Ecological validity is low because the task lacked mundane realism
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Was Craik and Tulving's study ethically sound?
Not completely - There was no informed consent and minimal deception
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What other evidence is there to support the LOP?
Hyde and Jenkins (1971)
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Name 2 strengths of the LOP Model of Memory.
The model explains the whole process of memory not just the stores involved (M.S.M). Lots of supporting evidence (Craik & Tulving/ Hyde & Jenkins)
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Name 2 weaknesses of the LOP Model of Memory.
We cannot see the processing being done and so the theory cannot be proved entirely. Deeper processing means more time spent processing and so it may be this that helps to create memories not the level of processing.
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What did Bartett study in 1932?
War of the Ghosts story - changes - Shorter (primary/recency) no unnecessary details - vivid and emotional details remembered
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What is schemata?
Categories of memory association
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What is confabulation?
Filling in gaps in memory
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What is the Working Memory Model of Memory?
The central executive controls how much processing capacity is allocated to each modality. Forgetting is due to there not being enough capacity for that modality at that point in time
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Which is the current favourite model of memory?
The Working Memory Model - explains why some people have particular memory deficits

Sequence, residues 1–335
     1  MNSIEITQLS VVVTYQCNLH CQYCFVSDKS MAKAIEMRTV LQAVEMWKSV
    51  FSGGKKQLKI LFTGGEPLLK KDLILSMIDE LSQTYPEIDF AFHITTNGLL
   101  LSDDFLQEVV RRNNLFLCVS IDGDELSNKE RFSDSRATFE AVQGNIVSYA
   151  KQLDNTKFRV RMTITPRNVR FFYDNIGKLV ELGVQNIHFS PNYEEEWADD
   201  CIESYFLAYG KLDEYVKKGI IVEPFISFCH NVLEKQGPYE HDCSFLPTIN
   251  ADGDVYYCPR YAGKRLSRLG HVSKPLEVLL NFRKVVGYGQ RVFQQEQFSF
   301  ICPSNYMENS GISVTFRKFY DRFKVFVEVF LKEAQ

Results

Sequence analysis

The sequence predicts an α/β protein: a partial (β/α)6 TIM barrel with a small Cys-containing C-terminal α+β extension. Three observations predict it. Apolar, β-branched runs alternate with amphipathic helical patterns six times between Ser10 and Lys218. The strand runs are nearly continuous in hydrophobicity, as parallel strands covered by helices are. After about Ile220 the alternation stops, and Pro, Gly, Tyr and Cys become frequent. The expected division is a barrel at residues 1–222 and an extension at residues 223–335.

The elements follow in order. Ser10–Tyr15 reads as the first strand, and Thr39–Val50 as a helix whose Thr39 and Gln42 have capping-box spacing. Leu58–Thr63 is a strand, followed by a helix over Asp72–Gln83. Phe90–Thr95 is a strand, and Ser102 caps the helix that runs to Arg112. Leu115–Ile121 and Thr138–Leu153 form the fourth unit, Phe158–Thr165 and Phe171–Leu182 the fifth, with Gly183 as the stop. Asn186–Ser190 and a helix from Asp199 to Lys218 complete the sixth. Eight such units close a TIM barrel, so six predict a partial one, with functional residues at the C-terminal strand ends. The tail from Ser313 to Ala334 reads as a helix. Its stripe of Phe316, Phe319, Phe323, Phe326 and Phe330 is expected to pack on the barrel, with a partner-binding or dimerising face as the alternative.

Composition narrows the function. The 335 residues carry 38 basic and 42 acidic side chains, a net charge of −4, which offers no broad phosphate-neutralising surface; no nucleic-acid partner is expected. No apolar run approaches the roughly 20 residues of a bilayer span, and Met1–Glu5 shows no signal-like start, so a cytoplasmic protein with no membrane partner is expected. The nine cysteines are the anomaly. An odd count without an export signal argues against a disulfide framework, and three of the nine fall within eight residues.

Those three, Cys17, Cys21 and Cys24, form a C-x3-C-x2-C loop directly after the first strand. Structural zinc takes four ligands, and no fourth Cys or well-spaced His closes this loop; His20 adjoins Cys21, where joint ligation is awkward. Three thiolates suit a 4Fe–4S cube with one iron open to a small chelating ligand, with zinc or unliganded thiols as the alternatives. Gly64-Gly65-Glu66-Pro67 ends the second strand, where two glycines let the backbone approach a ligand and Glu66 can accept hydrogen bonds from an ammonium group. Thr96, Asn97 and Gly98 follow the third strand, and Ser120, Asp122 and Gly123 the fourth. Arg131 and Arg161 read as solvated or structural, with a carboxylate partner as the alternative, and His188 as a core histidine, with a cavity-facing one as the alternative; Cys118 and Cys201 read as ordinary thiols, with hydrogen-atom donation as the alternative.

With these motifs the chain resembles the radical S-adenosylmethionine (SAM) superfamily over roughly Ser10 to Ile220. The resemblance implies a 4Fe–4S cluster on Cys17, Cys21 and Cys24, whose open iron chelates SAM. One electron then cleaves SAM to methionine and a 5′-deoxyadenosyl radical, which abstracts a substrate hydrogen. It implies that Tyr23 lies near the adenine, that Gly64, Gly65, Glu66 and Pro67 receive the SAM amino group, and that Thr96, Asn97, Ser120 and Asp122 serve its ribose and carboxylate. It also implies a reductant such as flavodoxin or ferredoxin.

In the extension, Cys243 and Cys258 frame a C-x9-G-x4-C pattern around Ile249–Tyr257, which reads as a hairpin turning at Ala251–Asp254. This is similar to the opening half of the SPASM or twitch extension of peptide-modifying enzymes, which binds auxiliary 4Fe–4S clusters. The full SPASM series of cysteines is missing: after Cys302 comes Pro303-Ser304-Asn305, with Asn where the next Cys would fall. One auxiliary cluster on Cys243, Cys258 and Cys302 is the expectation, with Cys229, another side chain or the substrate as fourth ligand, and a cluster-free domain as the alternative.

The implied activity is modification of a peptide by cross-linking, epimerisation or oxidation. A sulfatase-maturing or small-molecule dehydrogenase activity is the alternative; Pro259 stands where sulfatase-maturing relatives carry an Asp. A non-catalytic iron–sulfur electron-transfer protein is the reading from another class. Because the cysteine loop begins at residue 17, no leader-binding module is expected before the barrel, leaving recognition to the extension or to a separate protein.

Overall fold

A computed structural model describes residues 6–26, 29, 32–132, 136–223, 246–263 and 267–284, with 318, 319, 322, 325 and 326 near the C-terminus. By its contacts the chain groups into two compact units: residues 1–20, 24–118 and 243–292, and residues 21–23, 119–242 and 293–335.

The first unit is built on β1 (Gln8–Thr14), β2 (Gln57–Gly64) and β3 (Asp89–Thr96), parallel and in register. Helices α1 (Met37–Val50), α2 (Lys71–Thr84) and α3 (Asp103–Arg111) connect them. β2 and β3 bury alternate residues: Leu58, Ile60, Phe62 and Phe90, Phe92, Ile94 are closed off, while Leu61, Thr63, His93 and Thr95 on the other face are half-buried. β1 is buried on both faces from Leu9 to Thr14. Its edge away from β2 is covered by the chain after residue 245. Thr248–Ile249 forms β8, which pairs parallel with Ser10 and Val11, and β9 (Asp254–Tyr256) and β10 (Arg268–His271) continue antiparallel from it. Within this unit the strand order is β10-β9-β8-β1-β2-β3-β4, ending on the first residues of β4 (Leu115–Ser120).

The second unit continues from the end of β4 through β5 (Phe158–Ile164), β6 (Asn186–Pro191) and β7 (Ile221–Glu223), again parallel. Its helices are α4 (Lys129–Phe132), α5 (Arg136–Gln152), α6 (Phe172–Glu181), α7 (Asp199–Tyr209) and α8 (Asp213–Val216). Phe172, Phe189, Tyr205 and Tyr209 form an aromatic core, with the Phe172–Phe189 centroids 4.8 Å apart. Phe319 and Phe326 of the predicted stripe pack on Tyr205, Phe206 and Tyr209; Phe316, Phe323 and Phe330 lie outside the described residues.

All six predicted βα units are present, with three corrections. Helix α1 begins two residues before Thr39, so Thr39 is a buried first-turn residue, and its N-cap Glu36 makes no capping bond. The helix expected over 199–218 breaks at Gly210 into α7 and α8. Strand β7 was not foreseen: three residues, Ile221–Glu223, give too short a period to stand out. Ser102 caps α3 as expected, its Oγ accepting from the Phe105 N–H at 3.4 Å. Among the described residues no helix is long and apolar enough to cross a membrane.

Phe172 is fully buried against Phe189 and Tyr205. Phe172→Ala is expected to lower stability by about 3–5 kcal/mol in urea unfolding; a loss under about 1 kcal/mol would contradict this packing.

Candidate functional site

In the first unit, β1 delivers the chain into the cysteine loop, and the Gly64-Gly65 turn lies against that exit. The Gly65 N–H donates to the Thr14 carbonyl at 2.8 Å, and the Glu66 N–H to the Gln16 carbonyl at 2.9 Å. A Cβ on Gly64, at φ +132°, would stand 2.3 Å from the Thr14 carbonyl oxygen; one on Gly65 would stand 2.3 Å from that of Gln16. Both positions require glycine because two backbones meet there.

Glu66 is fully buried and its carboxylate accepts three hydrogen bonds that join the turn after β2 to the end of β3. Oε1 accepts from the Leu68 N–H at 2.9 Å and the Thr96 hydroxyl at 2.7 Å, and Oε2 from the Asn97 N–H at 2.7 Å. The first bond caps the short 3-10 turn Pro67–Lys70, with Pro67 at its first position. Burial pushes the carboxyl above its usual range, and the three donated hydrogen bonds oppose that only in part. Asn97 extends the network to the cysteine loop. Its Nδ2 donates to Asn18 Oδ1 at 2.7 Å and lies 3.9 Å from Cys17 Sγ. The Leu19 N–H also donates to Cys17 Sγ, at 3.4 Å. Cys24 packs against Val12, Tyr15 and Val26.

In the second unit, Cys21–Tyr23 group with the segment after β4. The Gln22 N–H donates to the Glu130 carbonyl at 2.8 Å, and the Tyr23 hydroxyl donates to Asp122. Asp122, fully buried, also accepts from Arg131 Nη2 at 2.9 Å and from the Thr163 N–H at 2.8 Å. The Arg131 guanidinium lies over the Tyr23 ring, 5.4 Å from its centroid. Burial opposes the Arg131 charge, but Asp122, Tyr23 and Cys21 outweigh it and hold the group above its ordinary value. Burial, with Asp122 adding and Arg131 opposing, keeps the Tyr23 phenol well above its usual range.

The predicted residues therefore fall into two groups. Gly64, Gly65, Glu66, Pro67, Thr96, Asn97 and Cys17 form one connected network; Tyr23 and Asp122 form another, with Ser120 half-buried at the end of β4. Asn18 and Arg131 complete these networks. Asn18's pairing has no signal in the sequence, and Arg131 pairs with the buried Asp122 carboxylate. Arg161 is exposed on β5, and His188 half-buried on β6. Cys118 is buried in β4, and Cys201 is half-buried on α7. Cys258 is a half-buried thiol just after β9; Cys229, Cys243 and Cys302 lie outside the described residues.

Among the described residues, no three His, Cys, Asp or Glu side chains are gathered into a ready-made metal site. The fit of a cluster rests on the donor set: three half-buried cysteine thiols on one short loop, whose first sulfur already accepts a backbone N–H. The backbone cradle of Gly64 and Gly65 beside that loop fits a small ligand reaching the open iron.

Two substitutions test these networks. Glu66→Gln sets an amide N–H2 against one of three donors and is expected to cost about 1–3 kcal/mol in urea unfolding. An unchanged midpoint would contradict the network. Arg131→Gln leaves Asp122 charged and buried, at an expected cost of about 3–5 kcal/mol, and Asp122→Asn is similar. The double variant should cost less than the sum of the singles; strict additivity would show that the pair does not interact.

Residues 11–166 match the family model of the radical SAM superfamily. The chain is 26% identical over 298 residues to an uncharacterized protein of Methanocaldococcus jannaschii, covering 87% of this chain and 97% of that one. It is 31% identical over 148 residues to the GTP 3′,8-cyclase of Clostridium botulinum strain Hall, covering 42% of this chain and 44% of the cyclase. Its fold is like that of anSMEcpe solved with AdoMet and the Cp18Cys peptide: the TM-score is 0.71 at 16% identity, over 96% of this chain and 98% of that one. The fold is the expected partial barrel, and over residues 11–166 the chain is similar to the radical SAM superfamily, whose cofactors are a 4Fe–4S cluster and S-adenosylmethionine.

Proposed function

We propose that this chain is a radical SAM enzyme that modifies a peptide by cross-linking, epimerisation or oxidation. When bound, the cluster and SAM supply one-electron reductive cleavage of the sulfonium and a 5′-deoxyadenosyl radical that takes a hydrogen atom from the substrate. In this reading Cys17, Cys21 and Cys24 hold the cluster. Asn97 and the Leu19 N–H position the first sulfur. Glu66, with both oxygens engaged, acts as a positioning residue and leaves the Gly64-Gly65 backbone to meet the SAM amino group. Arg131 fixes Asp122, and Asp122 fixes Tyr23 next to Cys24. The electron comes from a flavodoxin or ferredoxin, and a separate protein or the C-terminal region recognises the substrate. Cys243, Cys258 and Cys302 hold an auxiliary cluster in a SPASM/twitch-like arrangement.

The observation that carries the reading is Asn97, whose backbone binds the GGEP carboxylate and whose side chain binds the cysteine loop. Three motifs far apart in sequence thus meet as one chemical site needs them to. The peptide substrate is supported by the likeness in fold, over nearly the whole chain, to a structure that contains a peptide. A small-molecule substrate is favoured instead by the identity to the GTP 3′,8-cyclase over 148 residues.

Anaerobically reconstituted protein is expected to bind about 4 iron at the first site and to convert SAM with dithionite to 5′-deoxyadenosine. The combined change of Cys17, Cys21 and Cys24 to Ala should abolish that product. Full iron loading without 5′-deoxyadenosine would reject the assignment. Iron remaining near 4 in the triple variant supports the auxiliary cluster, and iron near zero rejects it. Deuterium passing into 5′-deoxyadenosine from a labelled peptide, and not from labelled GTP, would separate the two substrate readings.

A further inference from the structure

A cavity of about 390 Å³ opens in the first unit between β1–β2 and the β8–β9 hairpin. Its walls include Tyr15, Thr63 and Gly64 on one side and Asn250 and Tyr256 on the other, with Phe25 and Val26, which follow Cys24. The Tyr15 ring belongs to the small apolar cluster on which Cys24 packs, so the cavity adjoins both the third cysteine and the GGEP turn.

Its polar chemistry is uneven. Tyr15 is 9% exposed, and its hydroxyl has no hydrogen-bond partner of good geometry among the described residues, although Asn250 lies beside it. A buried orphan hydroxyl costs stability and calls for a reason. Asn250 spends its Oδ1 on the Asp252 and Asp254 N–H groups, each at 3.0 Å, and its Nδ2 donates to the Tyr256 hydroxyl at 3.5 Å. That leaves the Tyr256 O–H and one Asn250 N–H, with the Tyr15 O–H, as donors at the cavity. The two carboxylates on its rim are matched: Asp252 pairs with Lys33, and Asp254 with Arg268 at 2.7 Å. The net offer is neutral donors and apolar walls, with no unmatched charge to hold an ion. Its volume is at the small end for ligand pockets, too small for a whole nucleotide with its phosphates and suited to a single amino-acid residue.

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Who and in what year was Cue-dependency theory of forgetting was thought up?
Tulving in 1975
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What is the cue-dependency theory?
If the cues that were used during encoding are not there to aid retrieval then we may not be able to retrieve that memory
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How does Tulving define forgetting?
"the inability to recall something which one could on another occasion"
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What evidence is there to support cue dependency theory?
Tulving and Watkins (1975) & Light et al (1972)
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What 3 types of retrieval cues did Light et al investigate?
Homonyms, Synonyms, Words identical to the target word
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What did Light et al find?
Cue for recall = word - recall is good. Then homonyms followed by synonyms and finally no cues
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What did Light et al conclude?
It is not just the cues in the cognitive environment that aid recall but different cues have different effects